Brosnan and GoldenEye changed that for the better. The movie did quite well financially and put Bond back in the public eye. The character went into slight hibernation again after 2002’s Die Another Day; the four-year gap between it and 2006’s Casino Royale is the second-longest break in the franchise’s 44-year history. However, this hiatus seemed like an attempt to secure the franchise’s future, whereas the 1989-1995 pause looked like one from which Bond might never return.

Whatever one takes as its historical significance, I simply find GoldenEye to present a solid Bond film. There's not much I'd want from Bond that doesn't appear here. The plot seems appropriately epic but remains comprehensible and doesn't become too convoluted or overblown. The action appears well orchestrated and often thrilling, with some typically ludicrous elements that nonetheless are lots of fun.

Brosnan makes for a fine Bond. He lacks the intensity of Connery but he also easily avoids the silliness and campiness of Roger Moore. Is this Bond as envisioned by Ian Fleming? Probably not. Nonetheless, Brosnan manages an appropriate level of substance without seeming stuffy or overly serious; he keeps the film moving at a snappy pace.

The supporting cast also seems quite good. Izabella Scorupco and Famke Janssen provide fine turns as the good Bond girl and the villainess, respectively. Janssen seems especially effective as one of the more amusingly sadistic baddies to hit the screen. Judi Dench is strong as the new "M", but Samantha Bond seems too cutesy and lacks substance as Moneypenny. Sean Bean creates a strong villain, and both Robbie Coltrane and Joe Don Baker add delightful supporting turns.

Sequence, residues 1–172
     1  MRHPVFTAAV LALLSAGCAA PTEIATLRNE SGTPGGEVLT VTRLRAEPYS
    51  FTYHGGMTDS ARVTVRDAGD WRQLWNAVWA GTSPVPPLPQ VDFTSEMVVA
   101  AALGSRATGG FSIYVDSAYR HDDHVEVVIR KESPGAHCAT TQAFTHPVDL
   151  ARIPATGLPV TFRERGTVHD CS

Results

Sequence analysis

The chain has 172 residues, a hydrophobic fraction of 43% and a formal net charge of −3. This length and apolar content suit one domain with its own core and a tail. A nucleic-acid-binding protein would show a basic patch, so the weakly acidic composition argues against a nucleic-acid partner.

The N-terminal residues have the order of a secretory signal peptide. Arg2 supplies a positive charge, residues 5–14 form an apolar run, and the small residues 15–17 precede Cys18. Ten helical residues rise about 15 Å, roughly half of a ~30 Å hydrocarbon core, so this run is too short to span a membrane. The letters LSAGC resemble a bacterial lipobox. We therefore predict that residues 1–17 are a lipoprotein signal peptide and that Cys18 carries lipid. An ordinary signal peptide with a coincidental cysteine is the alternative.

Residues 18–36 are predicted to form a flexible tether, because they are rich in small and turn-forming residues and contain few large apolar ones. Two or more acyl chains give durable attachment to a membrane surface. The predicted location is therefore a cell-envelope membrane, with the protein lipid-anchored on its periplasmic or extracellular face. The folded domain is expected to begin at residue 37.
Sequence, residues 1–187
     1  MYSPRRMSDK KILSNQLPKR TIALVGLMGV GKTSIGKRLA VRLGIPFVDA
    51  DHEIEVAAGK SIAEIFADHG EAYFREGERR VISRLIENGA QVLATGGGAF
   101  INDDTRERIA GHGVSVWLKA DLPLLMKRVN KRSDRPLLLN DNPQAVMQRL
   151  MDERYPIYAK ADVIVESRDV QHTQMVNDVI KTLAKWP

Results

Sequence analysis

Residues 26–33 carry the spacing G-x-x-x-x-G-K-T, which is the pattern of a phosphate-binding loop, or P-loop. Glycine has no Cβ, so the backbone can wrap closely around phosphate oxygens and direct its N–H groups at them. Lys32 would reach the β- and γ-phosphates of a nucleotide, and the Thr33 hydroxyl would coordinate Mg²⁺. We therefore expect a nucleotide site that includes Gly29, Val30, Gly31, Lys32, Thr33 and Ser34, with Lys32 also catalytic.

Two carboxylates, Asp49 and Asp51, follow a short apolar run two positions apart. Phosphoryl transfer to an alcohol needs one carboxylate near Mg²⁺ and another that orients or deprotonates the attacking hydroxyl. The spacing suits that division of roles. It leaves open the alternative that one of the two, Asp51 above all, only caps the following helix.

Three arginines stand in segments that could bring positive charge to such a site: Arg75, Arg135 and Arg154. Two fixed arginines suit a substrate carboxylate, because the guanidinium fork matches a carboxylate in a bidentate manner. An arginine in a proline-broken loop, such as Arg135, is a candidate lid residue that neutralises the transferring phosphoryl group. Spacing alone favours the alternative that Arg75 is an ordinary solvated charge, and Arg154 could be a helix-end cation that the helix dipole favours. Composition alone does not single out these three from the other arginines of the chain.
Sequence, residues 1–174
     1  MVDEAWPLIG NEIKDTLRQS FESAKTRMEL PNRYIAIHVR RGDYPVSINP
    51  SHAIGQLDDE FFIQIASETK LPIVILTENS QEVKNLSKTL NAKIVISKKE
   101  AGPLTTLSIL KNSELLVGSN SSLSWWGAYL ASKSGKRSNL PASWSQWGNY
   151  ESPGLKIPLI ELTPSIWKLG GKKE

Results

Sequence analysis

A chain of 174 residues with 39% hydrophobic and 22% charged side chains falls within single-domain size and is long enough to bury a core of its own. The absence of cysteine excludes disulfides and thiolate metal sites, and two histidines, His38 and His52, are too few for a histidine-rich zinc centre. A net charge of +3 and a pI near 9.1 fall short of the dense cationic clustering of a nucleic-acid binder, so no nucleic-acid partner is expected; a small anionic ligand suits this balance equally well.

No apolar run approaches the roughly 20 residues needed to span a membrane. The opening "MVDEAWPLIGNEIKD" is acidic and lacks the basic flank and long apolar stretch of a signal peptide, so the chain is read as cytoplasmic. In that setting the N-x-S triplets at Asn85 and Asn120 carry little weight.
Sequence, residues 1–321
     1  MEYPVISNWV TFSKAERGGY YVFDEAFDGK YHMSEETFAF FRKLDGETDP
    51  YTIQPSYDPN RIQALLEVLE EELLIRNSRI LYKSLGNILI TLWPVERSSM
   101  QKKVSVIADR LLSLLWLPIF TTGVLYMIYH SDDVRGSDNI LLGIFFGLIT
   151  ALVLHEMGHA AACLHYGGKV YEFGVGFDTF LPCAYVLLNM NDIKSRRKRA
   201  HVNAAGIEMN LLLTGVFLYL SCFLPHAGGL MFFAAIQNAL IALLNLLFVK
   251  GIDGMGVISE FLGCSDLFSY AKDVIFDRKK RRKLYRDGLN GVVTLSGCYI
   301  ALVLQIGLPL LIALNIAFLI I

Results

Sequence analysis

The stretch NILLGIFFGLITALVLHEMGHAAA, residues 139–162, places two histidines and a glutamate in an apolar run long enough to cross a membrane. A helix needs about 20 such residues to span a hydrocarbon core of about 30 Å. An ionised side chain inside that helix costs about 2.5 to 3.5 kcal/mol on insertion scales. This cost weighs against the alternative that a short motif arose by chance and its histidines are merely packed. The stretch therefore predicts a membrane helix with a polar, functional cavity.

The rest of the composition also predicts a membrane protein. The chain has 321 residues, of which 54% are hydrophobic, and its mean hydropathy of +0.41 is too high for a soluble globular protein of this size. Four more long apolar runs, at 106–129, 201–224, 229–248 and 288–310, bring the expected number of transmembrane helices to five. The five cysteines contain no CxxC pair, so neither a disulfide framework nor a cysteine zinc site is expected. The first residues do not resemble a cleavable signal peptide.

GoldenEye doesn't quite equal the heights of the Connery years, but it makes for a thoroughly entertaining entry into the Bond archives. Happily, it brought Bond back to prominence and helped make the franchise viable and productive again.


The DVD Grades: Picture C/ Audio B+/ Bonus B

GoldenEye appears in an aspect ratio of approximately 2.35:1 on this single-sided, double-layered DVD; the image has been enhanced for 16X9 televisions. The transfer showed a number of concerns and was consistently lackluster.